Public Interest in UK Law

Leading Cases
  • Johnson v Gore Wood & Company (A Firm)
    • House of Lords
    • 14 Dic 2000

    That is to adopt too dogmatic an approach to what should in my opinion be a broad, merits-based judgment which takes account of the public and private interests involved and also takes account of all the facts of the case, focusing attention on the crucial question whether, in all the circumstances, a party is misusing or abusing the process of the court by seeking to raise before it the issue which could have been raised before.

  • R (Nadarajah) v Secretary of State for the Home Department
    • Court of Appeal (Civil Division)
    • 22 Nov 2005

    I would prefer to express it rather more broadly as a requirement of good administration, by which public bodies ought to deal straightforwardly and consistently with the public. The principle that good administration requires public authorities to be held to their promises would be undermined if the law did not insist that any failure or refusal to comply is objectively justified as a proportionate measure in the circumstances.

  • London Artists Ltd v Littler; Grade Organisation Ltd v Littler; Associated Television Ltd v Littler; Grade v Littler
    • Court of Appeal (Civil Division)
    • 10 Dic 1968

    There is no definition in the books as to what is a matter of public interest. All we are given is a list of examples, coupled with the statement that it is for the Judge and not for the jury. Whenever a matter is such as to affect people at large, so that they may be legitimately interested in, or concerned at, what is going on; or what may happen to them or to others; then it is a matter of public interest on which everyone is entitled to make fair comment.

  • Brown v Stott (Procurator Fiscal, Dunfermline)
    • Privy Council
    • 05 Dic 2000

    The jurisprudence of the European Court very clearly establishes that while the overall fairness of a criminal trial cannot be compromised, the constituent rights comprised, whether expressly or implicitly, within article 6 are not themselves absolute. Limited qualification of these rights is acceptable if reasonably directed by national authorities towards a clear and proper public objective and if representing no greater qualification than the situation calls for.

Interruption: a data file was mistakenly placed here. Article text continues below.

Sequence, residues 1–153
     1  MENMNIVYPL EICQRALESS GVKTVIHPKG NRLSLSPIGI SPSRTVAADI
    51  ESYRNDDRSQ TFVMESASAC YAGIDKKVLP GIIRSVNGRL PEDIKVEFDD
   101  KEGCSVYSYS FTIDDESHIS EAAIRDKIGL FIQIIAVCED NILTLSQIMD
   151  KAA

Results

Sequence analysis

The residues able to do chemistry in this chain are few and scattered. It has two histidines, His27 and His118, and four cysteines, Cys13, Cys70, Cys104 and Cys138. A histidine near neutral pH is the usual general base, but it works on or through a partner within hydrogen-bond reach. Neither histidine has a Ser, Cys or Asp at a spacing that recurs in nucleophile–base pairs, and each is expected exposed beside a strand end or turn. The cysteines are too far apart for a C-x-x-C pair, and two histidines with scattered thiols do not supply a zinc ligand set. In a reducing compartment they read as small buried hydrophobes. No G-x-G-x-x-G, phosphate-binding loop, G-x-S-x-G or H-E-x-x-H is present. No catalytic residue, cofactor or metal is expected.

• Patel v Mirza
    • Supreme Court
    • 20 Jul 2016

    In assessing whether the public interest would be harmed in that way, it is necessary a) to consider the underlying purpose of the prohibition which has been transgressed and whether that purpose will be enhanced by denial of the claim, b) to consider any other relevant public policy on which the denial of the claim may have an impact and c) to consider whether denial of the claim would be a proportionate response to the illegality, bearing in mind that punishment is a matter for the criminal courts.

  • Norris v Government of the United States of America (No 2)
    • Supreme Court
    • 24 Feb 2010

    The reality is that only if some quite exceptionally compelling feature, or combination of features, is present that interference with family life consequent upon extradition will be other than proportionate to the objective that extradition serves.

  • R v Secretary of State for Transport, ex parte Factortame Ltd (No 2)
    • House of Lords
    • 11 Oct 1990

    In this context, particular stress should be placed upon the importance of upholding the law of the land, in the public interest, bearing in mind the need for stability in our society, and the duty placed upon certain authorities to enforce the law in the public interest. This is of itself an important factor to be weighed in the balance when assessing the balance of convenience.

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